Monday 13 October 2014

Resurrecting a Caldara rarity

La concordia de'pianeti
Antonio Caldara La concordia de'pianeti; La Cetra; Andrea Marcon; Archiv
Reviewed by Robert Hugill on Sep 23 2014
Star rating: 4.5

Engaging performance of Caldara's rediscovered, grand out-door serenata

Antonio Caldara (1670 - 1736) isn't a familiar name. Born 14 years before Handel and Bach, he trained at St. Mark's Venice. He had a rather varied career, taking service with the French client Duke of Mantua, and the pretender to the Spanish throne before reaching Venice and Francesco Ruspoli, Prince of Cerveteri. Finally, in 1716 he took a position at the Viennese court and remained there for the rest of his life.

Caldara's employer in Venice, Emperor Charles VI was fond of opera and was a composer himself. Charles had strong views on music and liked an opulent sound. Caldara's music from Vienna eschewed the airy Italianate sound of his early works, and used large scale forces to create a richness of tone. Caldara wrote an extensive sequence of operas and oratorios in Vienna. This new disc from Archiv gives us the first recording of his serenata La concordia de'pianeti with Andrea Marcon conducting La Cetra barockorchester & Vokalensemble Basel with soloists Delphine Galou, Veronica Cangemi, Ruxandra Donose, Franco Fagioli, Carlos Mena, Daniel Behle and Luca Tittoto. The work was recorded in conjunction with the work's first modern performance.

Whilst it might be called a serenata, La concordia de'pianeti is a large scale work lasting 108 minutes and requiring seven strong soloists. It was designed for display, but written for out of doors. It was premiered in 1723 when Emperor Charles and his wife, Empress Elisabeth, visited Znojmo Castle after Charles had been crowned King of Bohemia in Prague. Elisabeth was pregnant and the plot, such as it is, has the Gods on Olympus celebrating this event. The original performers were costumed and on two grand 'cars'; it was described not as an opera but a theatrical composition. The original cast included the castrato Carestini (who would create the title role in Ariodante for Handel) as Apollo (here sung by Franco Fagioli).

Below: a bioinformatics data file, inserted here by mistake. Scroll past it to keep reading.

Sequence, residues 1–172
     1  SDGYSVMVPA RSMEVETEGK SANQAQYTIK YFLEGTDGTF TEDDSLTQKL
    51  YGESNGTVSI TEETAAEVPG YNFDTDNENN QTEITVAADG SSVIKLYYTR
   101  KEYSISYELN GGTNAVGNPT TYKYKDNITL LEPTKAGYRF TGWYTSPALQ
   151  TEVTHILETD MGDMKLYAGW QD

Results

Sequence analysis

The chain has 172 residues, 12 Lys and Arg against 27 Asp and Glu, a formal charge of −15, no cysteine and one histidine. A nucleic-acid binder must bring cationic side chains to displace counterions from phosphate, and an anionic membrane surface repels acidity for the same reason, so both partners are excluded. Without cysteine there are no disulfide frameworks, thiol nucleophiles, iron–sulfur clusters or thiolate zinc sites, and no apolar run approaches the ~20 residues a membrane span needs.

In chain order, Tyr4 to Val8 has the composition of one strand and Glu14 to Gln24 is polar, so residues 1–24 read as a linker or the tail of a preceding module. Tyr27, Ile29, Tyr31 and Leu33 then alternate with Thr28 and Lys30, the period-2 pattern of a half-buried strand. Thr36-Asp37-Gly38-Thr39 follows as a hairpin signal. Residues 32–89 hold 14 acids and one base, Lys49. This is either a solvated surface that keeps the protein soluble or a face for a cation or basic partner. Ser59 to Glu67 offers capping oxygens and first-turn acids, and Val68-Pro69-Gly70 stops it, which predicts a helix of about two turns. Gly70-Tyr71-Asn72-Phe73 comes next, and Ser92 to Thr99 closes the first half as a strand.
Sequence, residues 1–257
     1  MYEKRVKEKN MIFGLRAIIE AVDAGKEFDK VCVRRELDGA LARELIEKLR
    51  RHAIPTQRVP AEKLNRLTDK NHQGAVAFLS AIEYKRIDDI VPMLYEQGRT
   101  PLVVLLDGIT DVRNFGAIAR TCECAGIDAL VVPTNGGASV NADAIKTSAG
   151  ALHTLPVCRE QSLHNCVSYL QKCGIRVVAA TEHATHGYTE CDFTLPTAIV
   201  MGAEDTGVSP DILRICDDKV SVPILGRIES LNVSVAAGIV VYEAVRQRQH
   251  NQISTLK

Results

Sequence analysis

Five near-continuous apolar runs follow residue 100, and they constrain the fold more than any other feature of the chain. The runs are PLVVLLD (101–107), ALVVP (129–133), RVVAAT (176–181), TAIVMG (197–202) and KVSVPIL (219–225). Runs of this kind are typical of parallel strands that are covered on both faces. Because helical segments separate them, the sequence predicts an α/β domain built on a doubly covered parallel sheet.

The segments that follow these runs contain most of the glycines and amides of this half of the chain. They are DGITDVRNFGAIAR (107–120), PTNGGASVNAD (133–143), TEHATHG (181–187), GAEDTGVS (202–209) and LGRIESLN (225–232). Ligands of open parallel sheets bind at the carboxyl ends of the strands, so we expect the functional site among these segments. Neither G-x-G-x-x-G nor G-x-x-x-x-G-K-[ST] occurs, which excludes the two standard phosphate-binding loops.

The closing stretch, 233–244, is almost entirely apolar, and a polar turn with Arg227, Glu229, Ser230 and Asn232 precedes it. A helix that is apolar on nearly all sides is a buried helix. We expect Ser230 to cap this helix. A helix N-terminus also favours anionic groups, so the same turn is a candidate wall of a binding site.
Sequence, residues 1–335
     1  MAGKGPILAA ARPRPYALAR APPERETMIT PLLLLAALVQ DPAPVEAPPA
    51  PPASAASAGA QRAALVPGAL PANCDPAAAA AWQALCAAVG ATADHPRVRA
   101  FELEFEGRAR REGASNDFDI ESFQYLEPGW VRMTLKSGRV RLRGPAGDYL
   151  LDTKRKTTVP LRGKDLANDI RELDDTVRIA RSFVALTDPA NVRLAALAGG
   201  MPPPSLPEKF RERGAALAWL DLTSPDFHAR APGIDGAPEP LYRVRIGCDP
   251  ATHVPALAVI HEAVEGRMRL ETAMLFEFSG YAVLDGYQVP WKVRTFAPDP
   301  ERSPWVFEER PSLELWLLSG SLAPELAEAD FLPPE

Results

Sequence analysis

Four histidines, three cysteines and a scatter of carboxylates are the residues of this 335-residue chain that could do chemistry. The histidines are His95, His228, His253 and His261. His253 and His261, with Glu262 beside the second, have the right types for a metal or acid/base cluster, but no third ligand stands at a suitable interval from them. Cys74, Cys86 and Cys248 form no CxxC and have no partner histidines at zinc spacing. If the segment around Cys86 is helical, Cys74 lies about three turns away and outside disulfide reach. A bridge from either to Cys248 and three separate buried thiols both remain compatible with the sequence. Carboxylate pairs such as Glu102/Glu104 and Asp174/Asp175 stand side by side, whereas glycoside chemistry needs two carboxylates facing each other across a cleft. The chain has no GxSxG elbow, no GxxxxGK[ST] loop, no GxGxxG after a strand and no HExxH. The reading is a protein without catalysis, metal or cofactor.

The work is carefully constructed to show off the soloists. After a substantial overture the work falls neatly into two parts. It starts with a chorus, there is a chorus in the middle and a pair of choruses at the end, for the remainder it is a series of bravura arias interlinked with recitative, with each character getting roughly two arias so that everyone got to show off.

Though Caldara's style in Vienna was known for its richness and contrapuntalism, here he is clearly aware of his outdoor performance and relies very much on colour and depth of tone in the orchestration. He uses an orchestra which includes clarinos, trumpets, oboes and bassoon. The work is full of colour, lightness and richness. This, plus a series of bravura arias. The original cast were clearly virtuosos and the singers here do not disappoint, all give finely poised and technically assured performances. There's not a great deal of characterisation, the soloists get simply to sing a couple of very striking arias and none of the soloists, Delphine Galou, Veronica Cangemi, Ruxandra Donose, Franco Fagioli, Carlos Mena, Daniel Behle and Luca Tittoto, disappoints but Fagioli's high counter-tenor is particularly impressive, singing a role written for a castrato in the mezzo-soprano range.

I wouldn't say that Caldara's La concordia de'pianeti was a lost masterpiece, but there is a great deal to enjoy here. Throughout the performance Marcon brings out an appealing vitality which draws the performer in. This is far more than a dutiful recreation, but a lively and engaging performance which should delight both for the virtuoso moments and for the engaging quality of the music making.

Antonio Caldara (1670 - 1736) - La concordia de'pianeti (1723) [108.04]
Venere - Delphine Galou
Diana - Veronica Cangemi
Giova - Ruxandra Donose
Apollo - Franco Fagioli
Marte - Carlos Mena
Mercurio - Daniele Behle
Saturno - Luca Tittoto
Vokalensemble Basel
La Cetra Barockorchester
Recorded 13-19 January 2014, Konzerthaus, Dortmund

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